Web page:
Physical side effects of hysterectomies potentially include injury to organs near the uterus, blood clots, infection, pain during intercourse and anesthesia-related problems, including breathing or heart complications, according to Everyday Health. If doctors remove the ovaries along with the uterus, patients may experience hormonal side effects, such as early menopause, decreased sex drive or vaginal dryness during intercourse. Doctors address these side effects with hormone-replacement therapy, explains Cleveland Clinic.
Harmless side effects include light vaginal bleeding, and itching, bruising or swelling around the incision for up to six weeks. Patients may experience a numb feeling around the incision for about two months. Hysterectomies stop menstruation, but patients may experience bloating and other secondary symptoms of menstruation from time to time, explains Cleveland Clinic.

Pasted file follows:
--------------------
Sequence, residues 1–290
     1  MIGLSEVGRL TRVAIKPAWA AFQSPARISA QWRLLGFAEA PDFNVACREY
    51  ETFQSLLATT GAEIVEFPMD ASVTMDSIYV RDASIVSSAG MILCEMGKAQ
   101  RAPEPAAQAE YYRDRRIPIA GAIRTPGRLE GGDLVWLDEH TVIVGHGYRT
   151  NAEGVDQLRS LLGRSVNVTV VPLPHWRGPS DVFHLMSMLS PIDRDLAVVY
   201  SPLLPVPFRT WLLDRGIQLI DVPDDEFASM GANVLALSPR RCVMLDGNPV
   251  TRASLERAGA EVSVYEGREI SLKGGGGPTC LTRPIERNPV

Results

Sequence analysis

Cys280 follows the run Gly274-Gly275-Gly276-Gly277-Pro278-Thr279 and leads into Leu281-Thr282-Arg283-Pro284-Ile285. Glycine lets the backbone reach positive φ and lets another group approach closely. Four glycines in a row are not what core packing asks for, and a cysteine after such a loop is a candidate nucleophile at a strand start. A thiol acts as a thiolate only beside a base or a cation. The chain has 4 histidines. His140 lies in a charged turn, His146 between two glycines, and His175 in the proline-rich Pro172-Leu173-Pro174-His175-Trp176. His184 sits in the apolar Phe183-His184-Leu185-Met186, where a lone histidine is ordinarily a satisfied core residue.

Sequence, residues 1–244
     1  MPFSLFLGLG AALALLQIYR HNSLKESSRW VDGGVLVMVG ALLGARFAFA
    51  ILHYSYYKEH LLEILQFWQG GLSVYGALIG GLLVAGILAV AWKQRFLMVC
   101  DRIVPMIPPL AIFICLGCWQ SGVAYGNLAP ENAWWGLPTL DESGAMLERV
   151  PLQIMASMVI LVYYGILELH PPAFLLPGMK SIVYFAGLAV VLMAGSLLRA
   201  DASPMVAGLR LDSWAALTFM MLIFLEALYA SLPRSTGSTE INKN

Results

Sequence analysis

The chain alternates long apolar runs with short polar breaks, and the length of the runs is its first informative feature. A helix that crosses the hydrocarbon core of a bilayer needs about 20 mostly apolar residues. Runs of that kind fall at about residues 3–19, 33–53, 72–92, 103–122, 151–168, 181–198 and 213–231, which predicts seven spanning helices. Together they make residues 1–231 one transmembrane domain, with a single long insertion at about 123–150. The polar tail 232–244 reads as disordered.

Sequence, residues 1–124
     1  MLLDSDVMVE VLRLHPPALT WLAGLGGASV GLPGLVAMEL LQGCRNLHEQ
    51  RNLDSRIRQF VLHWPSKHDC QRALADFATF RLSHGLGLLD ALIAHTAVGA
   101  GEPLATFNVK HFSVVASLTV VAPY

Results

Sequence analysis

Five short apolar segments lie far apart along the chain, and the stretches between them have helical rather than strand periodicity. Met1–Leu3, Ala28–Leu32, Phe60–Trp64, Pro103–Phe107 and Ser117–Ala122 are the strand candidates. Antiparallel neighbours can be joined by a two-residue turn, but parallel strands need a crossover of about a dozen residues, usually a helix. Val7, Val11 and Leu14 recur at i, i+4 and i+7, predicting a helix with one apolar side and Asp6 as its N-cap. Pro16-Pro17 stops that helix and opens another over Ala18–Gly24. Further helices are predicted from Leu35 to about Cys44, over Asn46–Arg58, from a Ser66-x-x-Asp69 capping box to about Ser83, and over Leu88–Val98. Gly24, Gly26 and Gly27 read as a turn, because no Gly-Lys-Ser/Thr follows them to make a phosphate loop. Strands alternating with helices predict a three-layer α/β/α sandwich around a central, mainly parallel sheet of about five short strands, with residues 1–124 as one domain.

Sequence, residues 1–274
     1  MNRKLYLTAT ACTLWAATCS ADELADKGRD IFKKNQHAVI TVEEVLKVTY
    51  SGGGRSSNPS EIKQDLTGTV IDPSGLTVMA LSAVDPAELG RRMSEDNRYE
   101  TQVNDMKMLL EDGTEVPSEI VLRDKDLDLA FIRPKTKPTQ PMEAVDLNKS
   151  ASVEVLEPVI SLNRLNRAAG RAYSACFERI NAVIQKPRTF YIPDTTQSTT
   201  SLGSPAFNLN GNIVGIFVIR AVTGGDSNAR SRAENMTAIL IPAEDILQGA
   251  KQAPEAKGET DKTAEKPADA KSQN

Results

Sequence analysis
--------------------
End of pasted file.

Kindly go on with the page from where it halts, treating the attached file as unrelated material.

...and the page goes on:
Patients should call their doctors if they experience bright red vaginal bleeding, severe nausea or vomiting, difficulty or pain while urinating, increasing pain, or increasing swelling or bruising. Hysterectomies may also induce emotional side effects, such as depression or a sense of loss. Emotional side effects are often temporary, but patients experiencing them should inform their doctors, notes Cleveland Clinic.
Doctors treat a multitude of medical issues with hysterectomies, ranging from abnormal vaginal bleeding to the presence of cancerous or pre-cancerous growths on the uterus. Depending on the reason for the procedure, a hysterectomy may remove only part of the uterus, or it may remove the entire uterus as well as the cervix, ovaries and fallopian tubes, according to Cleveland Clinic.